Departing for Denver for Orientation

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October 27th 2008
Published: February 10th 2009
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Well, here I am the morning after. Yesterday I spent the majority of the day cleaning out the apartment and packing things. Time slipped away quickly and - as usual - there was far more to do than appeared. I ended up buying a bunch of 3 mil thick “construction cleanup trash bags” and shoveling stuff out of the cupboards and into the bags. X D Either way, I’m glad I got the larger storage unit, because I didn’t have time to thin out the junk as much as I’d like.

So I kind of had a rough night, not only because I wasn’t getting anywhere very fast, but also because I was going through my happy memories and boxing them up for the unknown.

So anyway, I got up at 05:00 and succeeded in getting my luggage packed up for the pole and everything moved out of the apartment and even some cleaning done about 15 minutes later than scheduled. Which is great, because I usually program in a 30 minute buffer, which means I was 15 minutes ahead of schedule! I even got my cable modem turned in and paid my final bill. ($1.80)

So after that, a friend took possession of my Jeep and my potted plant, and dropped me off at the airport in Cheyenne. About an hour and a half later I was on the ground in Denver, waiting for my shuttle bus. And waiting. And waiting. Indeed - and totally honestly - by the time I finally got going in the shuttle bus, I could have driven from where I had flown FROM to the airport I was at and then back again! 3 hours! X D

I’ll be here in Denver for the next several days working with the software designers on the M&C (Monitor and Control) system for the new SPTR 2 (South Pole TDRS Relay) project I was working on out in Simi Valley. The antenna has since been packed up and should be en route to New Zealand by ship about now. I’ll be attending to the installation down at the Pole this summer, sometime in mid to late November. The system should give us the ability to use a few more of NASA’s TDRS (Tracking and Data Relay Satellite) spacecraft and allow for more internet and data up-time at the pole.

Later in the week I’ll be going through my induction and indoctrin, er… orientation. This includes getting all my travel paperwork, sizing me for the ECW (extreme cold weather) gear and basic emergency training, that sort of thing. I’ll also getting all the red tape cleared up. I’m scheduled to fly out of here on Nov 01.
So anyway, after driving around for another hour, I finally got dropped off at my hotel. Parched from thirst and craving a nice tall glass of lemonade, I stumbled around town here in Littleton, looking for someplace that’d have it. After hitting brick walls at several establishments, I entered what looked on the outside to be your standard American “diner”. Indeed, that was what was written on the outside, in bright neon letters- “diner”. I was greeted by a friendly Asian woman whom I promptly queried: “Do you have lemonade”?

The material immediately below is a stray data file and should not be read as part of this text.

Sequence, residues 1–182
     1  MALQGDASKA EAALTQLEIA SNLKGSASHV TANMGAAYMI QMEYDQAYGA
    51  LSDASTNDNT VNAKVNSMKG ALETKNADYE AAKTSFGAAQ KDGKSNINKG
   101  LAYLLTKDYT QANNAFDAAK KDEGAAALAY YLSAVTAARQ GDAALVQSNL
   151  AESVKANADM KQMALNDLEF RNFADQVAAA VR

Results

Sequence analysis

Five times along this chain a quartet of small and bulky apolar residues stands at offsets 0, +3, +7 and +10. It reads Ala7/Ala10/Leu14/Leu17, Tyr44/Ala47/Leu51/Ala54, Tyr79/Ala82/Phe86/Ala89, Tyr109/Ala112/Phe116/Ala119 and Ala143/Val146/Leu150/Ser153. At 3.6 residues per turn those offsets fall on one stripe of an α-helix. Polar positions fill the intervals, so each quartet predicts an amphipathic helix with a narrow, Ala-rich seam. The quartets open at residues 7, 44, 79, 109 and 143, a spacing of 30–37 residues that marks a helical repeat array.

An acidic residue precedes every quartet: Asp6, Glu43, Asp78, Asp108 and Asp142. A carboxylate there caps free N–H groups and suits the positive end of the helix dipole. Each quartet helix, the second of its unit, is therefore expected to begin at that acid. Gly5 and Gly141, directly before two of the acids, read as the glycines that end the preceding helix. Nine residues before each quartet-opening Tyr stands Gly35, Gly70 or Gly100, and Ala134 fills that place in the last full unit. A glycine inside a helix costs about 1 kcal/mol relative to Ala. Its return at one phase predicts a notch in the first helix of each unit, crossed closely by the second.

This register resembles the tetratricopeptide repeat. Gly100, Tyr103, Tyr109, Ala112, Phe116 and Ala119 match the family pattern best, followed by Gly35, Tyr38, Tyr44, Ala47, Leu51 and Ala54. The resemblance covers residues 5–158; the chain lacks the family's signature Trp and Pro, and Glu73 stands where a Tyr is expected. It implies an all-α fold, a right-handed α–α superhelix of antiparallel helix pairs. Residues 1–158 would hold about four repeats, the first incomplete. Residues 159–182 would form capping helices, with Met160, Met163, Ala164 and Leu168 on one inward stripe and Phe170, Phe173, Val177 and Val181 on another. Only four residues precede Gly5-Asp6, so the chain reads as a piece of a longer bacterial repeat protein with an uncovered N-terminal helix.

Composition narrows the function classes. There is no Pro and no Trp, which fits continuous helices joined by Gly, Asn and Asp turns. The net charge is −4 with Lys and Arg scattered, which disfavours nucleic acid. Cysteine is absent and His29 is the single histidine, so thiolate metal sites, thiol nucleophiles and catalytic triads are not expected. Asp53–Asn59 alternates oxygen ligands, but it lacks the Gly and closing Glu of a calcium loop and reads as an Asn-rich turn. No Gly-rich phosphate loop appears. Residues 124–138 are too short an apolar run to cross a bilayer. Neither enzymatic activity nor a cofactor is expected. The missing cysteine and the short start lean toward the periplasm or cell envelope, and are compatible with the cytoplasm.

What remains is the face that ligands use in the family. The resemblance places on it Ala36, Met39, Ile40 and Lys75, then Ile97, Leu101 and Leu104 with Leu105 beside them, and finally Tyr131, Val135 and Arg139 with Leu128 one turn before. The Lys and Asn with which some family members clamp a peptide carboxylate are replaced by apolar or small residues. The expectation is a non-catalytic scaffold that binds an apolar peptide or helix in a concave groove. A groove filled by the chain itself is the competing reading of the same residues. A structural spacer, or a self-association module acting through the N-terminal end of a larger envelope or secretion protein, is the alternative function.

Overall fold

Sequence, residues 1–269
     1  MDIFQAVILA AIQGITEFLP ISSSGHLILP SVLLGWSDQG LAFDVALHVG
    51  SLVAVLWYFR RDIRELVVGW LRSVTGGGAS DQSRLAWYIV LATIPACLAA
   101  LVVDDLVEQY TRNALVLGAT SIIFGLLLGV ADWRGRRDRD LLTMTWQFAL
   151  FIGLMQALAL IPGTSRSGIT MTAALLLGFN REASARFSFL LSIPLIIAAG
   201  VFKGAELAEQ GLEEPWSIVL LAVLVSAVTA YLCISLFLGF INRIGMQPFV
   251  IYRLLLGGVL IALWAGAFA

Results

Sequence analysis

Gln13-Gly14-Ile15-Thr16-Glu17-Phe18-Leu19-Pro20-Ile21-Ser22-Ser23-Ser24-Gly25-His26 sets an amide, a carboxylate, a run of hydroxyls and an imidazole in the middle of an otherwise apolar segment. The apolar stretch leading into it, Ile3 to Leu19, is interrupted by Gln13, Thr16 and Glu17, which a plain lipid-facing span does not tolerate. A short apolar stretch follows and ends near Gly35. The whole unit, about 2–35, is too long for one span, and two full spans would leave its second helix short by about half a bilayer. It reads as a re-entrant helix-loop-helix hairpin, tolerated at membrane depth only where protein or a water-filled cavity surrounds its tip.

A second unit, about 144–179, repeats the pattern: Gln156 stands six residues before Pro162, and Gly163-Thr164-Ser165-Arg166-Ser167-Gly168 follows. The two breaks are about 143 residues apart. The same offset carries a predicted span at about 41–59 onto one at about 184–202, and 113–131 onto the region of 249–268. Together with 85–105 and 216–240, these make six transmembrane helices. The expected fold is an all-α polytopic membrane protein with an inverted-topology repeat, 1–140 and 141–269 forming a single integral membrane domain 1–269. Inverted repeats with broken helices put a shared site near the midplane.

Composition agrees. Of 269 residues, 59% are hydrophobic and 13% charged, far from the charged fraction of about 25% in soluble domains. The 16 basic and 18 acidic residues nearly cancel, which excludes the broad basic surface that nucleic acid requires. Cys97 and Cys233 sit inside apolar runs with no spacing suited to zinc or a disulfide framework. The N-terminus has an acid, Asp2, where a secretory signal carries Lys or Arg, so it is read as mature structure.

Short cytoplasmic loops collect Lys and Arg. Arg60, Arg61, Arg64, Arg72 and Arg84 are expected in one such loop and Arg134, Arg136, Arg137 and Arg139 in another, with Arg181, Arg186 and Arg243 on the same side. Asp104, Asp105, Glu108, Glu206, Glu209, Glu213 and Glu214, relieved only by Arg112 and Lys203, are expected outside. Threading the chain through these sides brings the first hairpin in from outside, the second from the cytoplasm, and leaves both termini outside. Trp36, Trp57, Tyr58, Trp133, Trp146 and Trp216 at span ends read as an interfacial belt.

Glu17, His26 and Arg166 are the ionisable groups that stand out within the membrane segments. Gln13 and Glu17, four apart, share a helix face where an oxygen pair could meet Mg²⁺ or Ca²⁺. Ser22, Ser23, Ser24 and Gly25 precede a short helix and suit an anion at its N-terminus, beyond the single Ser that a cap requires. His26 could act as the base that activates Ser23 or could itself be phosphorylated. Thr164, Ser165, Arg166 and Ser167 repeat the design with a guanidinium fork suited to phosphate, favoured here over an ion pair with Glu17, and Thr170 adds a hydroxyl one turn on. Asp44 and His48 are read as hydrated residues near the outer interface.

She smiled and said “Yes, we do!” And I further pressed “Is it Minute Maid?”
She thought for a second. “Umm. Yes?”
The look of distaste on her face must have been obvious because she quickly ushered me in and said in broken English “But I make some! I make some fresh lemonade!”

Well, that had me sold. So I sat down at a booth and examined the menu. Slightly more pricey than I’d have liked, and far more Asian than the “diner” motif suggested. I chose a spicy sweet Shrimp and rice dish. It was quite good, though I might have chosen something better as my stomach has been delicate of late, what with the stress of moving and traveling.

So the nice lady kept coming out with this huge pitcher of fresh lemonade, oranges and seeds still floating happily about, and I just kept GULPING down glass after glass, which she diligently refilled! I was happy!

So anyway, when the bill came, I was astounded. She’d charged me $2.00 for the “glass” of lemonade. I KNOW I finished the first pitcher and she’d made another! So anyway, service and kindness don’t go unrewarded with me, and often if I’m really happy with someone’s help I’ll go out of the way to make sure the person’s supervisor knows. Well, in this case, I’m sure she was the owner’s wife, so I tipped generously… I usually do 20 percent, but in this case I just gave her what I had on me - it came out to 39 percent. X D I handed her the money and told her to keep the change. She thanked me, and as I was leaving, she came running out “You give me too much money!” I told her it was because I really appreciated her making that lemonade for me, it was exactly what I needed. She blushed and bowed several times, but accepted.

So anyway, that’s my first day off being homeless and alone, but things are looking up from last night. I’m going to get some to sleep early tonight and maybe watch some episodes of Jericho on Netflix.



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